Ricardo Semler (“The Maverick”)

? Self Managing Organisations ?

Barry Lefley arranged for several Inland Revenue members of the Network to attend a presentation by Ricardo Semler during a National Health Conference in Glasgow last year. Semler (author of the book “The Maverick” has recreated his own business (Semco) into a largely self managing organisation, – leaving him free to roam the world and speak at conferences!


Semler, we suspect, had been invited along to add a little spice to the proceedings and certainly challenged the audience, including ourselves.

He illustrated his talk with many witty comments. He questioned whether we are actually saying anything different compared with 300-400 years ago, or whether the main change is merely an acceleration of events – he illustrated this with a paradox, saying that the average speed of a motor car in London 80 years ago was 18mph and now is 17.2mph. He also questioned whether the direction of wheels should be changed to make parking easier.

He looked at the question of problems and asked why they were not solved – suggesting that the reason was mainly because we try to answer the wrong questions. He pointed out that 30% of our lives are spent on irrelevant issues, and suggested that the best questions are asked by children (Why? Why? Why?).

He had also reflected on agenda items – suggesting that the time spent on each topic is inversely in proportion to its importance. For example, in Semco they once spent 3 hours discussing parking! Changing the management structure took 2-3 years but changes to parking took over 9 years!

He wondered why businesses need to grow indefinitely – was the sole object of business to make money and enhance shareholder wealth? He thought not. Semler said that when you make money, you buy or create another business! In his view, Richard Branson is now so successful and earns so much money that he does not have time to spend or enjoy it!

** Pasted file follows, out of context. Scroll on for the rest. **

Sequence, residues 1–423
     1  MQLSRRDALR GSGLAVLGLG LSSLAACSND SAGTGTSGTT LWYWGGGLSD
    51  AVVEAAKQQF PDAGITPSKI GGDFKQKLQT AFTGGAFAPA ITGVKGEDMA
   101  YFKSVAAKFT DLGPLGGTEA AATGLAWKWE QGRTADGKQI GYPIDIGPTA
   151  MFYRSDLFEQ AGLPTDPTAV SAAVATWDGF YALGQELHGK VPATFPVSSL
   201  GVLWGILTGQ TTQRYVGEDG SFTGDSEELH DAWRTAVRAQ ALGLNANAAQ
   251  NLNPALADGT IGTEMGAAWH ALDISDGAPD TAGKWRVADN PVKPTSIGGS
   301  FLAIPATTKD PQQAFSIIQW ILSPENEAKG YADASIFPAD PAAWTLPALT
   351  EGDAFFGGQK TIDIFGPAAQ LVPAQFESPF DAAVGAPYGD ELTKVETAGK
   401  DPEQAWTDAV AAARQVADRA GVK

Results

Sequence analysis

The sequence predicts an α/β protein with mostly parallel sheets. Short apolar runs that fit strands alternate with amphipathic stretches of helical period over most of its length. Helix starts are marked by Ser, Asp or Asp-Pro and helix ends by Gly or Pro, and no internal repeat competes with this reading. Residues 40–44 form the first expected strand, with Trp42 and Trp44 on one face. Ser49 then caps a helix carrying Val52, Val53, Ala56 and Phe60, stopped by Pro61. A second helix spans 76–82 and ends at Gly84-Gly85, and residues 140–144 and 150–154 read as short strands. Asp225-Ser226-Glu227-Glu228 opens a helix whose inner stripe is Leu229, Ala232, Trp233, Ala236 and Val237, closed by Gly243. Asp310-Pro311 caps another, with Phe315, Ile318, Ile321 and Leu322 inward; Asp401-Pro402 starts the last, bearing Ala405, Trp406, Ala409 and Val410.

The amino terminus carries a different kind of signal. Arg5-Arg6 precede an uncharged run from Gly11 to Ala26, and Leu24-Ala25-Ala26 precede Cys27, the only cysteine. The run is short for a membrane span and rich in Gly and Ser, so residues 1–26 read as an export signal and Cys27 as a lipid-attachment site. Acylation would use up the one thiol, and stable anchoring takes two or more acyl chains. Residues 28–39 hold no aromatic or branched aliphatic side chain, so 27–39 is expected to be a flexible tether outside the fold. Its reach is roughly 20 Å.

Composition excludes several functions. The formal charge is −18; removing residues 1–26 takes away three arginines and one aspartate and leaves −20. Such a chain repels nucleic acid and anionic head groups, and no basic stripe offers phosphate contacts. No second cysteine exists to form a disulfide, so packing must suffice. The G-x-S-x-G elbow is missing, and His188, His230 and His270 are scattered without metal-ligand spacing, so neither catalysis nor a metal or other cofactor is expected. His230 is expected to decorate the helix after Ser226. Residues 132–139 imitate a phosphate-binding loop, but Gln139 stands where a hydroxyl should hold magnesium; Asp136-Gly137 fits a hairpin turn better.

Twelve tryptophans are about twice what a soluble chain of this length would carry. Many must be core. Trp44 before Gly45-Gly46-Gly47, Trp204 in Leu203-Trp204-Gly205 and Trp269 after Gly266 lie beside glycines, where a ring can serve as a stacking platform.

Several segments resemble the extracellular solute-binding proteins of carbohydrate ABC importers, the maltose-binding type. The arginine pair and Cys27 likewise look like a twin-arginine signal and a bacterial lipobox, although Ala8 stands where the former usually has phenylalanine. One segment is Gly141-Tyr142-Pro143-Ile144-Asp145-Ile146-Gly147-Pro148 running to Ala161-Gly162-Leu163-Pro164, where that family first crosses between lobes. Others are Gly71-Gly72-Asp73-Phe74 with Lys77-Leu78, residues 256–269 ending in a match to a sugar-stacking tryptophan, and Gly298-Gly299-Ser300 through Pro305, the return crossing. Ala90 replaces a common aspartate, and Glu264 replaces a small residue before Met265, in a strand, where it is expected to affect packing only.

He believed that we need to start trusting people – in his company, the searching of staff on leaving was discontinued and, instead, a sign was erected, – “No Stealing”.

Rather than noting the time that people start and finish work he thought it would be better to prepare a list of what is required. Why be so concerned in the number of hours someone works? He thought it was more important to pay for results and performance.

He wondered why managers should discuss salaries at all.   He thought it was better to ask how much employees wanted to take out of the system. Be open and honest with staff, tell them about costs, profit margins etc., and let them decide.

Semler then made some specific points about the NHS. He said that 1 million people are employed in the NHS but as no-one works with that number of people, he thought that the same work could be done with 75,000 groups of 10 people. He said that you can always make changes if you want to!

There then followed a question and answer session, which covered a lively half hour and ended the session so that Semler could leave for his next engagement in Paris!!

Barry Lefley